Don’t forget: Complete the 2020 Census; Helping Kids Get Comfortable with Masks

More than 67% of Oregonians have completed the 2020 Census, making Oregon one of only seven states to match their 2010 Census participation as of last month. As Governor Kate Brown recently noted, we can do better than a decade ago, and spending 10 minutes will improve the lives of Oregonians for the next 10 years.  Be counted — it makes a big difference for Tillamook County funding.  go to now.

Don’t forget: Complete the 2020 Census

Helping kids get comfortable with masks

There is a lot of uncertainty about school right now. Some kids are in virtual school. Other children attend in person a few hours a week. And some are on campus full time. This uncertainty is especially difficult for young children, and focusing on what you know your kids can expect may help them adjust to our new normal.

One thing is clear: Kids will be wearing masks at school.

Oregon pediatricians at the Oregon Pediatric Society offer advice for parents on helping kids with mask wearing. Here are five tips that may help accustom your toddlers and young children to masking up:

Start early: Introduce masks well ahead of when you think your child will be required to wear them. Consider starting by simply having masks around the home and pointing out their presence. Next steps can be encouraging children to touch, explore, and play with the masks.

Make it familiar: Parents and older siblings can wear masks around the house or put them on stuffed animals and dolls to make them more familiar.

Make it fun: Provide masks with fun patterns or pictures and let your child choose the mask they wear before going out.

Be honest: Even for young children you can say something like “Okay, time to put our mask on to make sure we all stay safe.”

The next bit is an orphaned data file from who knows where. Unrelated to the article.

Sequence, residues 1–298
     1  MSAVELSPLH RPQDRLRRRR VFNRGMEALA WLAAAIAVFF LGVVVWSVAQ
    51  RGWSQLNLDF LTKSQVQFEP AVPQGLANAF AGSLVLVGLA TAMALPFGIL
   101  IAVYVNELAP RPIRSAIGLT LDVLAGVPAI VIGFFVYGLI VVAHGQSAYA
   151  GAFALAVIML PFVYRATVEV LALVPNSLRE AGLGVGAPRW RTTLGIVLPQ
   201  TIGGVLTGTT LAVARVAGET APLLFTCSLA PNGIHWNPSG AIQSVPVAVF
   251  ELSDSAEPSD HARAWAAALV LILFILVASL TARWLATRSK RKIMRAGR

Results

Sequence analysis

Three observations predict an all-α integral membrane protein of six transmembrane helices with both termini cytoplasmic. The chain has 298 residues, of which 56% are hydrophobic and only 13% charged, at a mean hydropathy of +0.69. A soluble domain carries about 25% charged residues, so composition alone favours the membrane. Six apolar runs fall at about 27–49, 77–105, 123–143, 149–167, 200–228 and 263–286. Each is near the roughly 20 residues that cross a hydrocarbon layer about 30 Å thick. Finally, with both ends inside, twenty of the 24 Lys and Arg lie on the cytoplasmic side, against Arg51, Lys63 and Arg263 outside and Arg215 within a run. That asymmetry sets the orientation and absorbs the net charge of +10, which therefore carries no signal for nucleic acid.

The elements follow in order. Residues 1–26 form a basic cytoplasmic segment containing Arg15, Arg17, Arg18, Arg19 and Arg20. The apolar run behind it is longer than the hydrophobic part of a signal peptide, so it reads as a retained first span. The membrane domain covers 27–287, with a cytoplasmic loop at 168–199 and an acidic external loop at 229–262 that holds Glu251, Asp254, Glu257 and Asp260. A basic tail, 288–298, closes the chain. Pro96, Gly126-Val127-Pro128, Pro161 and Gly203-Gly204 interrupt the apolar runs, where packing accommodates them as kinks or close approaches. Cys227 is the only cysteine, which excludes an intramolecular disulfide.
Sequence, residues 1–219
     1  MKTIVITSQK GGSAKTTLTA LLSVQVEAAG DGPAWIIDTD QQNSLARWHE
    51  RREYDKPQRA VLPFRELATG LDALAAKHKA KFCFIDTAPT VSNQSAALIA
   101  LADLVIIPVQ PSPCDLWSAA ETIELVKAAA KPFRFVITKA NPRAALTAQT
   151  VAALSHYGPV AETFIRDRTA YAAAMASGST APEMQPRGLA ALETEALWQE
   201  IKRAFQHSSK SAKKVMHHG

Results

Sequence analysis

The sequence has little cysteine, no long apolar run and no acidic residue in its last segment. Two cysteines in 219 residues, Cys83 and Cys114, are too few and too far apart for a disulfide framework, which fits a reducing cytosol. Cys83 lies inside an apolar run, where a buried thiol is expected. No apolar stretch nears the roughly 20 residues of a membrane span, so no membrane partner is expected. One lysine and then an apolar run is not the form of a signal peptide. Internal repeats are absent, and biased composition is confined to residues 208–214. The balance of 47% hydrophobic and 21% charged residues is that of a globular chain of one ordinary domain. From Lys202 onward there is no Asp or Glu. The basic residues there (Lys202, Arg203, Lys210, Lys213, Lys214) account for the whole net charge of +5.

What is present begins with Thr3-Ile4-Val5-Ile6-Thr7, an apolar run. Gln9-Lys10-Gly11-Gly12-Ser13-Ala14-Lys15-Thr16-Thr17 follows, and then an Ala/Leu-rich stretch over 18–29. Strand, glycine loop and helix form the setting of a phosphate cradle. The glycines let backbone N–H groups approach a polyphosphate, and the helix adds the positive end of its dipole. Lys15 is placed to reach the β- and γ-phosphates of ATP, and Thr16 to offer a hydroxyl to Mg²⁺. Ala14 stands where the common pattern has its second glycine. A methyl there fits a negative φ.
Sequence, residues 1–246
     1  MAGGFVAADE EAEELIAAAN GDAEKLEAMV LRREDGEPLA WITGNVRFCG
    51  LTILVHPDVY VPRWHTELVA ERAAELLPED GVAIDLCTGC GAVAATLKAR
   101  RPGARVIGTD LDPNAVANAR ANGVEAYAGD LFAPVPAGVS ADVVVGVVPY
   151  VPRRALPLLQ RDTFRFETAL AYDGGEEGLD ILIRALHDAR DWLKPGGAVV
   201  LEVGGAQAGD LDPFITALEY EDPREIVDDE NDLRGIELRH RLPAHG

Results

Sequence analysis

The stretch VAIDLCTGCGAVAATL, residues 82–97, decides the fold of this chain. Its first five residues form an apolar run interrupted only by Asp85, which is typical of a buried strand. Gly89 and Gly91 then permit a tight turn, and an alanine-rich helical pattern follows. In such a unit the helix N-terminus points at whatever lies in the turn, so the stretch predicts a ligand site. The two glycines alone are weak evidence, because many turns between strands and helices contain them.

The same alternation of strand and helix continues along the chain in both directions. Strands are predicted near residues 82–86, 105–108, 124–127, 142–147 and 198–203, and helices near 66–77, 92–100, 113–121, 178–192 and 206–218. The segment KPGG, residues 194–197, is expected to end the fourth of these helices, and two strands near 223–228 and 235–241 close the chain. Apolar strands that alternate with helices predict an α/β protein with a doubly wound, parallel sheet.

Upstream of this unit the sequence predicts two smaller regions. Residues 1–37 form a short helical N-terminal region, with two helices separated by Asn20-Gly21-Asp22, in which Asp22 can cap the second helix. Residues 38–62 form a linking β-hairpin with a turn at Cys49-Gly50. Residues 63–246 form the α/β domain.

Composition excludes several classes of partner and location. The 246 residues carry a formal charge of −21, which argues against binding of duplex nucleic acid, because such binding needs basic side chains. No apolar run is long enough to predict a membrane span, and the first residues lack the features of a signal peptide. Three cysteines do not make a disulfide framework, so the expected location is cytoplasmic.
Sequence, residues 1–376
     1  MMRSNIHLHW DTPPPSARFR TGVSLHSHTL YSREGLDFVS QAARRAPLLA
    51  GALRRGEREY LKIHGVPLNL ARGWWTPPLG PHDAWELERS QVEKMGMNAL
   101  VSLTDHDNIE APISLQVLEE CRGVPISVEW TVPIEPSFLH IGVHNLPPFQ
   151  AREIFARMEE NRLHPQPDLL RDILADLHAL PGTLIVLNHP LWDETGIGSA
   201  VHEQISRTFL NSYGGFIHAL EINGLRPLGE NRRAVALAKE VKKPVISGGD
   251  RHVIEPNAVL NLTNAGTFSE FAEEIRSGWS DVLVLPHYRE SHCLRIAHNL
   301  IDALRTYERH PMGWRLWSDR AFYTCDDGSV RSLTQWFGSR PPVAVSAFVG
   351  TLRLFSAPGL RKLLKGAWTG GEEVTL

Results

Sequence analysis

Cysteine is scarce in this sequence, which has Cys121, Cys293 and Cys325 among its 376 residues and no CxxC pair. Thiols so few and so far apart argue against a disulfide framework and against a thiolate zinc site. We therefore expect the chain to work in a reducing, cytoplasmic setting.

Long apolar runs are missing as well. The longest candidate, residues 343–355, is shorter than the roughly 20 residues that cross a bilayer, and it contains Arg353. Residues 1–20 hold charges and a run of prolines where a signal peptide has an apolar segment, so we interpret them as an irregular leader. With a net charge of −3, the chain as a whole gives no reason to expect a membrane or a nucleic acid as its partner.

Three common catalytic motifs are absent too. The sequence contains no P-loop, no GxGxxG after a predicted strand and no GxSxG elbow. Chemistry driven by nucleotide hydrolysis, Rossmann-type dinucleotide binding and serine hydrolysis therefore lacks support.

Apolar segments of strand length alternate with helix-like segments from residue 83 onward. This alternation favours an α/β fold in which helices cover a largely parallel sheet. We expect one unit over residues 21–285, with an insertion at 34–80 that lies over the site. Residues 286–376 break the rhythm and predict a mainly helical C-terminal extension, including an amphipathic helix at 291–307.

Be consistent: Easy places to start are everywhere outside the home (“Whenever we go inside somewhere that is not our home, we wear a mask”) or every time entering an indoor public space (“Okay, we’re going inside now, time to put on our mask.”).

The complete article is on the Oregon Pediatric Society webpage. They also have a great video on kids masking up:

Helping kids get comfortable with masks

Back to school: What classrooms will look like

Even though your local school may not be ready for in-person instruction, you may wonder how teachers, students and families will stay safe and healthy once schools do reopen. Here are some things to know:

  • Oregon schools are required to take specific steps to limit the spread of COVID-19 at school. These steps include sanitizing, screening, use of face coverings; and limiting interactions between groups of students.
  • You can view the specific public health and safety plans your school must follow by reviewing your school district’s Operational Blueprint for Reopening. Links to each district’s blueprint are available on the Oregon Department of Education website.

You can also learn more about the requirements for Oregon schools by reading ODE’s COVID-19 frequently asked questions and Ready Schools, Safe Learners Guidance.

Ready Schools, Safe Learners Guidance


Oregon reports 328 new confirmed and presumptive COVID-19 cases, three new deaths

COVID-19 has claimed three more lives in Oregon, raising the state’s death toll to 532, the Oregon Health Authority reported Tuesday September 22.

Oregon Health Authority reported 328 new confirmed and presumptive cases of COVID-19, bringing the state total to 31,313.

The new cases are in the following counties: Benton (6), Clackamas (31), Clatsop (2), Columbia (3), Coos (3), Crook (1), Curry (1), Deschutes (11), Douglas (10), Hood River (1), Jackson (12), Jefferson (1), Josephine (4), Klamath (2), Lane (32), Lincoln (1), Linn (10), Malheur (14), Marion (38), Multnomah (60), Polk (9), Umatilla (3), Wasco (25), Washington (42) and Yamhill (6).